The Falcons could desperately use another big-bodied defender to go along with Grady Jarrett and Ta’Quon Graham. According to Ben Standig of The Athletic, Commanders defensive tackle Daron Payne is available for trade and could fetch a 2023 second or third-round pick in any potential deal.
Washington sits at 2-4 and looks like one of the worst teams in football, making them more inclined to move off Payne and any other player not in their long-term plans. The former first-round pick is entering the final season of his rookie deal after the team picked up his fifth-year option, and it doesn’t seem likely Payne will be re-signed, given the Commanders’ investments along the defensive front.
Jonathan Allen just received a new deal worth $18 million per year, while Motez Sweat and Chase Young will also command lucrative deals. The Commanders could undoubtedly get a high compensatory pick if Payne were to sign a contract in free agency, but if a guaranteed Day 2 selection is available, they’d have to at least think about dealing him.
This season, Payne has recorded 21 total tackles, five tackles for loss, 3.5 sacks, three pass deflections, and one safety. Prior to the Falcons’ Week 6 matchup against the Bengals, I didn’t think Atlanta would be active before the NFL trade deadline. The team probably doesn’t want to give up any draft assets, regardless of the successful start to the season.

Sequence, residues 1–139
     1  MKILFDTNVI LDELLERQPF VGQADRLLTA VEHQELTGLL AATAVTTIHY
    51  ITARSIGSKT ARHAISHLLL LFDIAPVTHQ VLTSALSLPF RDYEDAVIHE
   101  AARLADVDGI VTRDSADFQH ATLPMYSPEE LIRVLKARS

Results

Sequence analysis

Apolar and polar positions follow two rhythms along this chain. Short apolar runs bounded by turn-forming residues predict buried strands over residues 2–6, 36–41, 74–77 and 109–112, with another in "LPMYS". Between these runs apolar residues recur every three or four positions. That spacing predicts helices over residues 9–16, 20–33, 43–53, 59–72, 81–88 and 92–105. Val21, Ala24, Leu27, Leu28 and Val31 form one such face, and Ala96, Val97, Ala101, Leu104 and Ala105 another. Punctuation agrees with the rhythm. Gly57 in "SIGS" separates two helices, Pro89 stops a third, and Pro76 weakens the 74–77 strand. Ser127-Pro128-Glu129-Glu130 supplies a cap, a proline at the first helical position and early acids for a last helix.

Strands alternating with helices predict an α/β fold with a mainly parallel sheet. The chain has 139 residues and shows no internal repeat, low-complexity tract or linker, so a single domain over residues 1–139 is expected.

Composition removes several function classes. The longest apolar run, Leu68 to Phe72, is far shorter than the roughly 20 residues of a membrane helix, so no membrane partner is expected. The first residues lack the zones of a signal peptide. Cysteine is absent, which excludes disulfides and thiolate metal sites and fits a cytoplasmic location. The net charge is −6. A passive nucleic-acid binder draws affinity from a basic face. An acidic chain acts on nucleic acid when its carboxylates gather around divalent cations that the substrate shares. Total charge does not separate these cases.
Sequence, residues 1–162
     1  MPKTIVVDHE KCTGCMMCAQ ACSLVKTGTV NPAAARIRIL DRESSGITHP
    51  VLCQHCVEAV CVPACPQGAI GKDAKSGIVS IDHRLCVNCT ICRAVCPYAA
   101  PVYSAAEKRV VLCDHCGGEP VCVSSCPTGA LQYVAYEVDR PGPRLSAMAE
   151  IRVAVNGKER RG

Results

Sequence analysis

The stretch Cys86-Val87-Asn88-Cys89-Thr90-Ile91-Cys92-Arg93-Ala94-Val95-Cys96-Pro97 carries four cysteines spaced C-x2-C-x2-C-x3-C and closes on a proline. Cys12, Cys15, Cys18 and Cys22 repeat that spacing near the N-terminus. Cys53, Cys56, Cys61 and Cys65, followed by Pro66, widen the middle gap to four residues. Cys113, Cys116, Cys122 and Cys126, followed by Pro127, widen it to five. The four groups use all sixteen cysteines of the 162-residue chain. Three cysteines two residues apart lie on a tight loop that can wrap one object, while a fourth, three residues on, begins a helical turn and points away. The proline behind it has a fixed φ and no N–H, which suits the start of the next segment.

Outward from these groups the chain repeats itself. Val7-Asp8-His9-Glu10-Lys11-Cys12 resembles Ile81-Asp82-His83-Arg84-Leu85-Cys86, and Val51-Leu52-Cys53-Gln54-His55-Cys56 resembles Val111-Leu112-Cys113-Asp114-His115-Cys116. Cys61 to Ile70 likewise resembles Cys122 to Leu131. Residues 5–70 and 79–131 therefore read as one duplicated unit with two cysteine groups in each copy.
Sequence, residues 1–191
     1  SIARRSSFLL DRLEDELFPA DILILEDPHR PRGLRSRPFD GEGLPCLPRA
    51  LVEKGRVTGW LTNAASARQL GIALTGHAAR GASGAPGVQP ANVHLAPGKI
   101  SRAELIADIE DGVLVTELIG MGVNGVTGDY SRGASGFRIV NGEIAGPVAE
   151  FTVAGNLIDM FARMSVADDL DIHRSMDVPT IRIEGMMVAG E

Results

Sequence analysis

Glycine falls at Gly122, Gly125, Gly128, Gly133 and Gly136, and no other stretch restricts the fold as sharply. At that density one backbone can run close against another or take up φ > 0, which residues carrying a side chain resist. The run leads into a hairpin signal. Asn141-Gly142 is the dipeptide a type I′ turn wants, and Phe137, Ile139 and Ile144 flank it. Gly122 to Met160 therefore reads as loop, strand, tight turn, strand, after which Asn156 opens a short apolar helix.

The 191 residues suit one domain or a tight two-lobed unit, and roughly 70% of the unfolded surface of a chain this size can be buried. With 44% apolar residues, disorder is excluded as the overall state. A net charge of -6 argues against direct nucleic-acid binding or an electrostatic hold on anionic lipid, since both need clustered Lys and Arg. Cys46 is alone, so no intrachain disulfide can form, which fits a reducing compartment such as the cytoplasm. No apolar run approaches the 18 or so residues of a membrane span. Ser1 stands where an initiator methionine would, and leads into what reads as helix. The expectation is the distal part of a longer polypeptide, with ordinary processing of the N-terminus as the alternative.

However, the Falcons need to improve personnel along the defensive front. Depending on how they want to do that, trading for Payne could be an option. The team is set to have a boatload of cap space this offseason and spending it along the defensive line would be wise.
Instead of letting someone like Daron Payne hit free agency and then bid for his services against other organizations, Terry Fontenot could trade for him and potentially save some money by extending him before free agency begins. At that point, the front office would have to weigh the choices of giving up a valuable second or third-round pick in order to save a few million. There’s also no guarantee the Falcons could extend Payne if they traded for him or sign him in free agency if he hits the open market. These are the factors Fontenot must consider.
If Fontenot would rather draft and develop talent, which is much cheaper in the short term, the Falcons won’t have any interest in trading for someone like Payne — or anyone for that matter.